New Zealand: Oil Recovery Teams Collect Oil Spilled from Rena

 

Oil recovery teams head out on the water last morning to collect oil spilled from the cargo vessel Rena.

The teams spent day before yesterday preparing ocean-going vessels for an offshore operation. Modifications had to be made to some of the vessels to ensure the safe operation of the heavy specialist equipment, including boom designed for offshore use.

A deployment of 10 Australian personnel arrived to join response last night – most of them would be assisting the on-water recovery operation.

National On Scene Commander Rob Service said most of the Australian responders had worked on the Montara oil spill response in the Timor Sea in 2009. Mr Service was in the incident command centre for the Montara spill response.

“In terms of the oil recovery side of this response, there are similarities between the two operations. We have both New Zealand and Australian responders who were involved in the Montara response, so that experience is feeding in to how we manage the on-water operations.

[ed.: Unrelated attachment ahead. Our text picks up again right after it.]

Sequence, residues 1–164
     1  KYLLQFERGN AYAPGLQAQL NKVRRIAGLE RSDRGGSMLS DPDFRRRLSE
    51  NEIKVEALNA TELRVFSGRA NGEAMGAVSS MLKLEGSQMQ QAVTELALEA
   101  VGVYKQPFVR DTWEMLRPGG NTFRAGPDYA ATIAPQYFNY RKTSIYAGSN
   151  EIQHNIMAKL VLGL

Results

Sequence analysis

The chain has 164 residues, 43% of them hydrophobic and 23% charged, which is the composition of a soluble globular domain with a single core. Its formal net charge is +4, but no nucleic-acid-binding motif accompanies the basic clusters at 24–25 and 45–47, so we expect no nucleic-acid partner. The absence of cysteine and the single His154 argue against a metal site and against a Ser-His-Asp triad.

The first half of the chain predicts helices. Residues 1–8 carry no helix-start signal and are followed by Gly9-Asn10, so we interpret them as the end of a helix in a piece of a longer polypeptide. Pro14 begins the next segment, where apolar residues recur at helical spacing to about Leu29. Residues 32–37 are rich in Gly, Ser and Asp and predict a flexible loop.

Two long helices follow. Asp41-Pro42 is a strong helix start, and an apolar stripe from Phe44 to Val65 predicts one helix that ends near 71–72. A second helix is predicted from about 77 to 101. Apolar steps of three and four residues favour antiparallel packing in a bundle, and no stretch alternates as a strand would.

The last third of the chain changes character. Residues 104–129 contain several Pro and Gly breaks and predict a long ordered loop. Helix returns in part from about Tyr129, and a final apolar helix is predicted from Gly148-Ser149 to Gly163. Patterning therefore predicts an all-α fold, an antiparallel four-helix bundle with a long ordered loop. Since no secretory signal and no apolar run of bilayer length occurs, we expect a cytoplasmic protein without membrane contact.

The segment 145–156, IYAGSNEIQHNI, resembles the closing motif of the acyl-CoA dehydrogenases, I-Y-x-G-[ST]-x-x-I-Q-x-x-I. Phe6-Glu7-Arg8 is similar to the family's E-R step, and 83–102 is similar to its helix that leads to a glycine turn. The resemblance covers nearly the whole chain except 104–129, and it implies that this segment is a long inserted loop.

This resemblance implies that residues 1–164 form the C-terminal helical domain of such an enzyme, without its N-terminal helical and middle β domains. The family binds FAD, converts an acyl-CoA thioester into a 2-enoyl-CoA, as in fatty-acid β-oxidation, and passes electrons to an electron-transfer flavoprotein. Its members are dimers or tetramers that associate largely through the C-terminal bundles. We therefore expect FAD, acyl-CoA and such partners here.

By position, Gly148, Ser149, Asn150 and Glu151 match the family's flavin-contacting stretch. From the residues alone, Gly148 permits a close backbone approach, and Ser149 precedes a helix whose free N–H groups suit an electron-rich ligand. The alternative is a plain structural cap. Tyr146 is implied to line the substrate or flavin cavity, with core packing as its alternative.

“Our operations teams have done well to pull a lot of equipment for offshore use together very quickly. Our ongoing monitoring of the slick and its position allows us to target the operation to the priority areas.

No further oil has been reported as seeping from the vessel overnight. Fresh oil identified yesterday afternoon had dispersed by last night.

Another oiled little blue penguin has been recovered and taken to the wildlife facility in Te Maunga. That brings the total number of oiled birds recovered to eight. All are in good condition and being washed and cared for.

A total of 85 wildlife responders were deployed to the response yesterday, with around 14 teams on the beaches looking for affected wildlife.

Mr Service said the salvage operation was making good progress, with a significant amount of equipment arriving overnight, including 280kg of equipment and a helicopter. The Awanuia has arrived from Auckland this morning. The Awanuia is a double hulled bunker barge, capable of holding 3000 tonnes of oil, designed for refuelling ships at sea.

“The removal of fuel from the ship remains the top priority. Pollutants on board the vessel including paint, grease, hydraulic oils and lubricants are being hand carried off the vessel, onto a small support vessel.

“These are maintenance goods that are carried on most vessels. This is a labour-intensive but necessary contingency task,” Mr Service said.


Source:  Maritime New Zealand

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